Visit Valley of Fire State Park and experience the brilliant red sandstone formations throughout the park that appear to be on fire when reflecting sunlight.
The park is located 55 miles northeast of Las Vegas. The close proximity makes this state park an easy day trip to add on to your Las Vegas vacation.
Known for its 40,000 acres of bright red Aztec sandstone outcrops nestled in gray and tan limestone, Valley of Fire State Park contains ancient, petrified trees and petroglyphs dating back more than 2,000 years.
Must-see rock formations to visit include Arch Rock, Atlatl Rock, Beehives, Balanced Rock, White Domes, and Seven Sisters. Rainbow Vista, a viewpoint within the park, is the ideal place to take photos; featuring a panoramic view of colorful rock formations that can be seen for miles. Activities to enjoy include hiking, camping, rock climbing, and picnicking.
A Visitor Center provides exhibits on the geology, ecology, prehistory and history of the park and nearby region. The park also hosts an Annual Atlatl Competition in which participants test their skills with replicas of ancient spears.
Open year round, the park has numerous campsites equipped with shaded tables, grills and water, as well as many intriguing trails to tempt hikers.
If you are planning a Las Vegas destination wedding, the beautiful landscape of the Valley of Fire is an amazing location for a memorable outdoor wedding or a ceremony to renew your wedding vows.
There are two campgrounds with a combined total of 72 units. Campsites are equipped with shaded tables, grills, water and restrooms.
A dump station and showers are available. All campsites are first-come, first-served. A camping limit of 14 days in a 30-day period is enforced.
RV Camping: RV sites with power and water hookups are available.
Group Area: There are three group areas, each accommodating up to 45 people, though parking is limited. These sites are available for overnight camping and picnicking by reservation only. Call the park for reservations.
Shaded areas with restrooms are located at Atlatl Rock, Seven Sisters, the Cabins, near Mouse's Tank Trailhead and White Domes.
Many intriguing hikes are available to visitors. When you visit Valley of Fire Park, inquire at the Visitor Center for suggestions on day hikes of varying length and terrain.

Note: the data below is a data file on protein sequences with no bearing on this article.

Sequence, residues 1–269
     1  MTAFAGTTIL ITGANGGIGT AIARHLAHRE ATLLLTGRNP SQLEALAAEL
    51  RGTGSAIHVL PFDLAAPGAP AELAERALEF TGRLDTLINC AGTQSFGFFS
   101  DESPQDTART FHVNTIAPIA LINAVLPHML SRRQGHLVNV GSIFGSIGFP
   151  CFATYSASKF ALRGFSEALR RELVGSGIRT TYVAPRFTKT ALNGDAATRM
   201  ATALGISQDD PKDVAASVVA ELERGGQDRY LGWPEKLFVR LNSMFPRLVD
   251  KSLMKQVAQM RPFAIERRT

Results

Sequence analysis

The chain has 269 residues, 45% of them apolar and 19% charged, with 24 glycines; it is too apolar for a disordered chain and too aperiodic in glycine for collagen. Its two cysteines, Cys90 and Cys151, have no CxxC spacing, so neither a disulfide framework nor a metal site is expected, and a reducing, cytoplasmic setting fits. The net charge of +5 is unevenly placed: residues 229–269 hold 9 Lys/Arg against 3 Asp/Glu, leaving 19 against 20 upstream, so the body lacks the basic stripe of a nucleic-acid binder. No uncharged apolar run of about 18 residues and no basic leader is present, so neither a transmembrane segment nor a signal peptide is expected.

The Visitor Center provides exhibits on the geology, ecology, prehistory and history of the park and the nearby region. It is strongly recommended that each visitor make this an early stop after entering the park. Postcards, books and souvenirs are on sale for your convenience. The visitor center is open daily from 8:30 am to 4:30 p.m. The rest of the park closes at sunset.
Information about program scheduling may be obtained from either park staff or kiosks. Upon request, special presentations can be arranged for groups.
The area plant community is dominated by widely spaced creosote bush, burro bush and brittlebush.
Several cactus species, including beaver tail and cholla, are also common. The springtime bloom of such plants as the desert marigold, indigo bush, and desert mallow are often spectacular along park roads.
Resident birds include the raven, house finch, sage sparrow and roadrunner. Many migrant birds also pass through the park.
Most desert animals are nocturnal and not frequently seen by the passing motorist.
Many species of lizards and snakes are common in the park, as well as the coyote, kit fox, spotted skunk, black tailed jackrabbit and antelope ground squirrel.
The desert tortoise is a rare species and is protected by state law. If you are lucky enough to come across one please leave this likeable and harmless creature to live its life in peace in its own environment.
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